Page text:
Thursday, January 16, 2014

No. 140 – Dance on a Volcano

Performer: Genesis
Songwriters: Tony Banks, Phil Collins, Steve Hackett, Mike Rutherford
Original Release: A Trick of the Tail
Year: 1976
Definitive Version: Seconds Out, 1977.

I grew up around Ohio State-vs.-Michigan, but to me there’s no better rivalry in sports than Wabash-vs.-DePauw. It’s a natural. They’re similar schools, about a 30-minute drive apart, and most guys who go to either school considered the other at some point. I did.

I used to talk up Wabash-DePauw to much mockery in Flint. Then, in 1993, Sports Illustrated did a huge feature on the 100th Monon Bell Game between the two, calling it “The Real Big One.” Dan saw that and was impressed to the point where he no longer scoffed at my claims (even if he didn’t buy them).

My sophomore year—when Genesis was my newfound musical love and Dance on a Volcano was a regular play—was when I really built a healthy hate for that team from Down South, whom we called the Dannies with as much derision as possible. (A Dannie, for those not in the know, is a hanky-waving fop whose girlfriend looks longingly to the real men up North.)

That fall, in 1983, Wabash lost the Monon Bell at DePauw in a wild game that went down to the last play—an incompletion by Wabash in the end zone from the 1-yard line. The play was made possible ONLY because a DePauw student’s dog ran out on the field after the previous play, necessitating a timeout that allowed Wabash to set up one more play. (When’s the last time you saw THAT happen in OSU-v-UM?)

Watching DePauw cart off the Bell—in my roommate Jim’s final game—was too much to take. And it hurt even more that one of the first basketball games where I was behind the mic was a game at DePauw with the Bell ringing over and over … as Wabash lost.

The tables were turned somewhat in the final game of the basketball season, when DePauw, who was No. 3 in Div. III, was wiped out on Wabash’s home court. (I might have eschewed professionalism at the end with a lusty YEAAAHHHHHH when victory was complete, but what matter is professionalism in the face of a glorious victory over the damn Dannies?) The next year, I added football to my broadcast duties, and as mentioned, I called my Wallies on to victory, bringing the Bell back to its rightful home. Order had been restored.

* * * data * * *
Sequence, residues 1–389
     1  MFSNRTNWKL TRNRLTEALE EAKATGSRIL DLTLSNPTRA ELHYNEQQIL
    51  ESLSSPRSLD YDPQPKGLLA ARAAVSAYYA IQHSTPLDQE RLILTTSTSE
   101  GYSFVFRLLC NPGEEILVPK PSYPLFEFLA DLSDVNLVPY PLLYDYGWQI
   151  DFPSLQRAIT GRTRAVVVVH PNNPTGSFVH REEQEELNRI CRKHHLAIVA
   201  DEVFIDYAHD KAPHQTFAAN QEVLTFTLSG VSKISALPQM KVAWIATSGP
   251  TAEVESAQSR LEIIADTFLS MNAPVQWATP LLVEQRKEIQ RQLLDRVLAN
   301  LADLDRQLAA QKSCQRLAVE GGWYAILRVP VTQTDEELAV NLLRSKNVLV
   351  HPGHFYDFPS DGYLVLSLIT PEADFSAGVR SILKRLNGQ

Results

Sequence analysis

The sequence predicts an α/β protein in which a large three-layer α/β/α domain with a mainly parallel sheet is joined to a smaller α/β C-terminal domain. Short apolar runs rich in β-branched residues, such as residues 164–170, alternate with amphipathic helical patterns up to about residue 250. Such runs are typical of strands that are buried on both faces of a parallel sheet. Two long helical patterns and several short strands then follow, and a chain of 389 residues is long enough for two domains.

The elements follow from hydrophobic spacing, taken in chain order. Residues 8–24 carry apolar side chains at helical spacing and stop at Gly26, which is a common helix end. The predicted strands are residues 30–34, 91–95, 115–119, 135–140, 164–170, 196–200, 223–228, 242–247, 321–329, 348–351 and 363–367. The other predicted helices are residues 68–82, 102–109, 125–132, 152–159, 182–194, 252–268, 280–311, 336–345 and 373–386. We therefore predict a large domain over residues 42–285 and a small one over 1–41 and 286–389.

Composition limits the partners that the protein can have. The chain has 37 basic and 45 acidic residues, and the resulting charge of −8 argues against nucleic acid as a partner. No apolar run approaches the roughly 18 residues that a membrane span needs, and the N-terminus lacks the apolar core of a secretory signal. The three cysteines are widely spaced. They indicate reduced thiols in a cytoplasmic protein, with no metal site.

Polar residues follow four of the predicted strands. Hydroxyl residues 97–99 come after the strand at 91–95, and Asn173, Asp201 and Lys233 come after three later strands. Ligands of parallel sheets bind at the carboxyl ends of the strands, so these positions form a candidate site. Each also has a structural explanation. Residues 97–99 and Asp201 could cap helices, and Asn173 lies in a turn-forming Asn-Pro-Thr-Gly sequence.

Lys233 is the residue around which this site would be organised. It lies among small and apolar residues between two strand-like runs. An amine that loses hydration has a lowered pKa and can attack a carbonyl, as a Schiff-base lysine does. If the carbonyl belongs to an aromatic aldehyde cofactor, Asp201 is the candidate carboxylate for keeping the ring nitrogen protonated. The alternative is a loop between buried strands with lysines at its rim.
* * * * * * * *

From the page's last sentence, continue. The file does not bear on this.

My senior year, the game was at DePauw, and the damn Dannies were favored and playing for a playoff spot. It didn’t look good, but Wabash won easily. Our running back, Bill Kaiser, ran the ball 58 times, which was, at the time an NCAA record. The kicker, Joe Bevelheimer, made five field goals, including a school-record 50-yarder. The final score, 28-8, was closer than the game indicated, and DePauw was knocked out of the playoffs. How sweet it was!

Steve and I called the game sitting one row behind Wabash’s assistant coaches in the press box. Needless to say—but I’ll say it anyway—there was so much tumult in the background, I had no need to do any cheerleading.

I didn’t call basketball my senior year, so that football game was the end of my personal relationship with The Rivalry but certainly not my interest. I still follow the Monon Bell Game each year, and it’s been all Wabash for the past five.

Not that I needed evidence, but it was during that time when I truly discovered that the hate swings both ways. In 2010, DePauw entered the Bell Game undefeated and about to make the playoffs for the first time. Wabash had been knocked out of the playoffs by Wittenberg the week before. The result: A 47-0 Wabash victory that was the biggest rout in the series in my lifetime.

As the score mounted, I went from gamescore to the radio. Wabash’s radio feed wasn’t linked on the Div-3 football site, but DePauw’s was. Even better. Nothing’s more nourishing than quaffing the bitter tears of a Dannie crying into his hanky.

The DePauw announcers were uberprofessional, expressing a proper amount of shock at the proceedings and respect for the Wally juggernaut. But at the end of the game, I got precisely what I wanted to hear.

The Internet feed was just the announcers: Any commercials went out over DePauw radio only. As the final seconds ticked away, the announcers called the action and then broke away for commercial. “You’re listening to the DePauw Tigers radio network.” Pause … and then the play-by-play guy’s disgust spilled out in all its glory: “I CAN’T EFFING BELIEVE IT. MY FINAL EFFING MONON BELL GAME!!” Then the mics were cut.

How sweet it is! After laughing my butt off, I typed out an email to the announcer, offering support for the rebuke sure to come. I could empathize: I used to call games for Wabash years ago, and I know exactly how you feel …

Except I didn’t. My school won MY final Monon Bell Game. HAHAHAHA!!!!

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